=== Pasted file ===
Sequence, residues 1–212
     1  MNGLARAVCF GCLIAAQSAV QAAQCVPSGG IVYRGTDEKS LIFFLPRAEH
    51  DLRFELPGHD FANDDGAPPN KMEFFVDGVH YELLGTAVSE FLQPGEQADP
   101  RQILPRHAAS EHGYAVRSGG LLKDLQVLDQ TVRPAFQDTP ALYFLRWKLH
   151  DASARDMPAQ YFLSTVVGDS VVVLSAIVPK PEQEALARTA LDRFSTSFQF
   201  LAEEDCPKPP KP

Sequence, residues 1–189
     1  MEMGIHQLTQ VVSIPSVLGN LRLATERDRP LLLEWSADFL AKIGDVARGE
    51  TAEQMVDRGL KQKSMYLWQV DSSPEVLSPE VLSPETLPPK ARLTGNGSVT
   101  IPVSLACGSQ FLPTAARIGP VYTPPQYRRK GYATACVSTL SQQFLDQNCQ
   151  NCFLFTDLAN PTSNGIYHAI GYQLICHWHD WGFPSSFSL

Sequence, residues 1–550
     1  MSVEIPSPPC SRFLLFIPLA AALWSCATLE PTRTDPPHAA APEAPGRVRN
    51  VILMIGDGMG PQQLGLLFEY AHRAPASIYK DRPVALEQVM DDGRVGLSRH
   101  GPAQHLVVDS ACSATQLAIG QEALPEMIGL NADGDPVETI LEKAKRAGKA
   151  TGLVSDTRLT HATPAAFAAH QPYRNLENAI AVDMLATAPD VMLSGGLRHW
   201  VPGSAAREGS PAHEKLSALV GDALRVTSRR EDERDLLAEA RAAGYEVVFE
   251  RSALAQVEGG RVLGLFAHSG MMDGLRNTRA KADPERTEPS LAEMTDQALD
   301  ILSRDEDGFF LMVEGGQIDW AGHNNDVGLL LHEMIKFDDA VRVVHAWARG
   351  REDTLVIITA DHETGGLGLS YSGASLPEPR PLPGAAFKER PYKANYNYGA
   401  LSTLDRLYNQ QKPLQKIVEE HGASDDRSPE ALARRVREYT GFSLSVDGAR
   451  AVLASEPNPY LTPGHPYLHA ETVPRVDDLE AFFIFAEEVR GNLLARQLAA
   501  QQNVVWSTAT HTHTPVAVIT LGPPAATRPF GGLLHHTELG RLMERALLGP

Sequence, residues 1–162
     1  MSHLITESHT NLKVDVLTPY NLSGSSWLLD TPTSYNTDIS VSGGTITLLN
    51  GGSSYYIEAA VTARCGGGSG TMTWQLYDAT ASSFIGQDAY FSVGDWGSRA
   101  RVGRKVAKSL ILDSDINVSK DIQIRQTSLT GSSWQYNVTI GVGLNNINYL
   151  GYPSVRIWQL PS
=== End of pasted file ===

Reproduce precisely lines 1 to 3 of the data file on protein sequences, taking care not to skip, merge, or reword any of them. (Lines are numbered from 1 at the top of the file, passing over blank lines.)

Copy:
Sequence, residues 1–212
     1  MNGLARAVCF GCLIAAQSAV QAAQCVPSGG IVYRGTDEKS LIFFLPRAEH
    51  DLRFELPGHD FANDDGAPPN KMEFFVDGVH YELLGTAVSE FLQPGEQADP